Also consider the barriers listed in the report.  These are segments you won’t want to spend your time convincing that the library is worthy of a donation.  Match your case statement to segments that are already receptive and focus your fundraising efforts. Your success rate will soar because you’ve done your homework!

By |2018-03-25T21:09:28-05:00March 25th, 2018|Fundraising|

Curiosity as an Organizational Development Tool

People come to libraries with a desire to learn or know something — to satisfy their curiosity.  Library staff facilitate this process by offering information, resources, and personal assistance.  Indeed, libraries value and cultivate a spirit of inquisitiveness in their communities and strive to meet these needs in the best way possible.

But how can library staff focus curiosity inward for the purpose of organizational development?  How can libraries translate the natural curiosity of their staff into increased community impact?

I found some inspiration in a recent Super Soul Conversation podcast.  I’m a bit of a late podcast adopter and have never had much time for Oprah’s Sunday show (too busy making pancakes and catching up on household chores), but I’m thrilled that these conversations are now accessible during my daily commute.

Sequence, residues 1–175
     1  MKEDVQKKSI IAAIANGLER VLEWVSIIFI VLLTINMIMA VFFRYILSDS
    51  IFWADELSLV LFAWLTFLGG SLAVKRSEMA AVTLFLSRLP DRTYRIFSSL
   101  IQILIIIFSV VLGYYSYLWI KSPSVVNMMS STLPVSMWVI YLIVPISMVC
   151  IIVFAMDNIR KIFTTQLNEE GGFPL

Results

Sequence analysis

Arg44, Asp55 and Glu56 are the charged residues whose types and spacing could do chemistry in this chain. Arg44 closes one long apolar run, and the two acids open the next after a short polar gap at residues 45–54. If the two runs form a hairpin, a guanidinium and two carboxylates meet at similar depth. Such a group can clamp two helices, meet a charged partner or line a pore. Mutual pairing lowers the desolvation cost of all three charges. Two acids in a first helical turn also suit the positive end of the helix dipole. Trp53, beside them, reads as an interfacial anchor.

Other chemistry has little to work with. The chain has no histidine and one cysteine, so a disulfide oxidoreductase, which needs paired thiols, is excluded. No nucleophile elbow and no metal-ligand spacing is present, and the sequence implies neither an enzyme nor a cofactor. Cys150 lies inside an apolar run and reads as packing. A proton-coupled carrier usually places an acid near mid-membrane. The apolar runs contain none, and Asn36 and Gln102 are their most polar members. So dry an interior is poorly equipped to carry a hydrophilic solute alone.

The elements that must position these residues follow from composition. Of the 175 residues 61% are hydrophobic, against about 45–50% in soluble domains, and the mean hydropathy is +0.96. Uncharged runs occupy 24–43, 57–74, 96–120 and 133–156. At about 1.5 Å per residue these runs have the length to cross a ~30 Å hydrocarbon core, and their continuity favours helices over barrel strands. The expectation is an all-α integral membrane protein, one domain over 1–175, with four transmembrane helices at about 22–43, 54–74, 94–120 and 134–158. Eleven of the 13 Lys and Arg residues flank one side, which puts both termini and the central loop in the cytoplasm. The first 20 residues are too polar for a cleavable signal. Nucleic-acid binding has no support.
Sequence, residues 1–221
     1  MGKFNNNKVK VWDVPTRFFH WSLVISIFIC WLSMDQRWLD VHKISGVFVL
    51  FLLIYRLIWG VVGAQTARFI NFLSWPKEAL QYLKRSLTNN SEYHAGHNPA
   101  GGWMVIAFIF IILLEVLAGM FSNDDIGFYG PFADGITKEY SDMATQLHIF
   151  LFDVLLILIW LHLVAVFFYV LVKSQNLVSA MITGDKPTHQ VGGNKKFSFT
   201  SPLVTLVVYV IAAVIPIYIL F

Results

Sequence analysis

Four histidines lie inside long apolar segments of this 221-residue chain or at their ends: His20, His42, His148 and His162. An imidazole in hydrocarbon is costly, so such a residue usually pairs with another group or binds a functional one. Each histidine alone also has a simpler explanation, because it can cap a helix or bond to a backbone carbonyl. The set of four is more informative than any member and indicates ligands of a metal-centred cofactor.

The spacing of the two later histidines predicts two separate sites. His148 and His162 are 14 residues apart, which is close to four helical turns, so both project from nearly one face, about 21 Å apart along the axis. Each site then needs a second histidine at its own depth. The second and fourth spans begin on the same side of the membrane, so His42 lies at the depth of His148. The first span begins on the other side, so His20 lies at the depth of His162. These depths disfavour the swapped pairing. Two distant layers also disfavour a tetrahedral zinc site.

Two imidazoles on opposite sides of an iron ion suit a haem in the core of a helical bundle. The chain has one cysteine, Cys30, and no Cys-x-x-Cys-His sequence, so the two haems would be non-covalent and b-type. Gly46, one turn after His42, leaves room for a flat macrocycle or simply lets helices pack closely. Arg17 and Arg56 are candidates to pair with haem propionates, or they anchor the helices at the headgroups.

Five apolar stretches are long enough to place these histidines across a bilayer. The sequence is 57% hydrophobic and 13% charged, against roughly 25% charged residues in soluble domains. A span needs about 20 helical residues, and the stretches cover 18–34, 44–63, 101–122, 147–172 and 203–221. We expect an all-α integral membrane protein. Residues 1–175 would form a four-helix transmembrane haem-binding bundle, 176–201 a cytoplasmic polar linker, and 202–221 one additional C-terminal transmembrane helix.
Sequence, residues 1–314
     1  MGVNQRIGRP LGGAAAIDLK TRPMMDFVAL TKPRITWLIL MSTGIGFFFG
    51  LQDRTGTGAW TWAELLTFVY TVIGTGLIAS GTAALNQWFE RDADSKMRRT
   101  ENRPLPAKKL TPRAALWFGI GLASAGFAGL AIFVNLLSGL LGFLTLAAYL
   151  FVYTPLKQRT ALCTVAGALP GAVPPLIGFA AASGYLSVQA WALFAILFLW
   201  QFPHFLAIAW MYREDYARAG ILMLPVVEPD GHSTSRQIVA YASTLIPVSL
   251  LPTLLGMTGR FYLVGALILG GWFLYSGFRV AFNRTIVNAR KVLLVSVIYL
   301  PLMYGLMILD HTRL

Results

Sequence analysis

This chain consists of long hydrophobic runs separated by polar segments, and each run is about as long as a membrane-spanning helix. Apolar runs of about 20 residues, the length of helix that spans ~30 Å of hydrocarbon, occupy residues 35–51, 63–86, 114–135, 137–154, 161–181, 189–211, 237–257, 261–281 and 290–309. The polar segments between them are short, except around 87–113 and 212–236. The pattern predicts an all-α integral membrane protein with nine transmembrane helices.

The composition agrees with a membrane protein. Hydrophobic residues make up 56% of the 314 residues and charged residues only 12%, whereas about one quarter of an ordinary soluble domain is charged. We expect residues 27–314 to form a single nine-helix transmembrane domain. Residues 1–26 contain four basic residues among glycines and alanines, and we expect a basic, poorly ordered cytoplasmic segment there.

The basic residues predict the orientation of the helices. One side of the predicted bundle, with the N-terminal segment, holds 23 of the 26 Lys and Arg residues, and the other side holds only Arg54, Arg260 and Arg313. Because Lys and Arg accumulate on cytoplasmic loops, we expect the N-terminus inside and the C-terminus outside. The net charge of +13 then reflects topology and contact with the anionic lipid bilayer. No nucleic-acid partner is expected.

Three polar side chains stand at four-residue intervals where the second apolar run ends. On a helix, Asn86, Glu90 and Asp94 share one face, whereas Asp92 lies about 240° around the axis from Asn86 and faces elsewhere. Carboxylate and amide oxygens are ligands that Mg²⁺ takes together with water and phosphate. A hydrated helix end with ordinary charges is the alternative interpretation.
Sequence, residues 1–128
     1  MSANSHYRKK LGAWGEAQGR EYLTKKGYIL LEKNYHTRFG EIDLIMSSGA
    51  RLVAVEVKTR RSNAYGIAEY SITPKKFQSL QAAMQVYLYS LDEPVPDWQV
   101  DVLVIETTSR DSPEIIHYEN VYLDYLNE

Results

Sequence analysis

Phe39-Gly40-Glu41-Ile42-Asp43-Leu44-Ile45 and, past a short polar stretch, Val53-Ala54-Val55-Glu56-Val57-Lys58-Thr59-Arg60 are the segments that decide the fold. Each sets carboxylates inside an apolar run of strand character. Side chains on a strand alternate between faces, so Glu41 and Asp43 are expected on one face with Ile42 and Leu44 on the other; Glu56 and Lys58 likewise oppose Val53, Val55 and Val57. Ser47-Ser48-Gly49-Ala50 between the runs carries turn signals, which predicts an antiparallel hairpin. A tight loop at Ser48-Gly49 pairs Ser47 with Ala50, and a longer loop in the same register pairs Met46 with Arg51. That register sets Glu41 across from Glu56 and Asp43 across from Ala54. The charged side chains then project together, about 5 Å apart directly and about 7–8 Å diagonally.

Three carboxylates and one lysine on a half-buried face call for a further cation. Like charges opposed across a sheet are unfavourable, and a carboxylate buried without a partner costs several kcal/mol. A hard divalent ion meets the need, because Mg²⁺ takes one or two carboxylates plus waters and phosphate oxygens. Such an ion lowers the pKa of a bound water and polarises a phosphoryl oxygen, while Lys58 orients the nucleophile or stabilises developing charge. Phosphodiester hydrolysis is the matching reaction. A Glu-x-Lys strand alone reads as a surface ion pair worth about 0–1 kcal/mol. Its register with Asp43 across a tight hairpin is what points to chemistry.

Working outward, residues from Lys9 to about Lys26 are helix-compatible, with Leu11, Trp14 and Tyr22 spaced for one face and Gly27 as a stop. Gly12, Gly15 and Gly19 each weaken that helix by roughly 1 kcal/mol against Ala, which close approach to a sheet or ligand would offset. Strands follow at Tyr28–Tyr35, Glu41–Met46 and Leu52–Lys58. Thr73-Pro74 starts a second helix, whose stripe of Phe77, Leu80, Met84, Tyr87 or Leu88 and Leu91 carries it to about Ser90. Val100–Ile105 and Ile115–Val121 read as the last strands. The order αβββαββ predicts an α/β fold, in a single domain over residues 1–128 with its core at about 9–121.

Oprah is a naturally curious person (imagine a reference interview with her!) and her conversations hold juicy bits of information that apply to libraries, especially her conversation with Hollywood producer Brian Grazer.  (Clips from the original Super Soul Sunday episode here.  Podcast on iTune here.  Or find on your favorite podcast app.)  

Centered on his 2015 book “A Curious Mind: The Secret to a Bigger Life,” Granzer describes how he uses curiosity for connection. This is what libraries do!  They connect with people (in-person and virtually) through curiosity.

But Grazer takes curiosity one step further, using it as a framework for personal improvement through a series of regular “Curiosity Conversations.”  It is his personal mission to meet new people and talk with them about their lives.  The conversations go in many directions, letting curiosity take the lead.  The result is a deeper connection to the person and the world around him.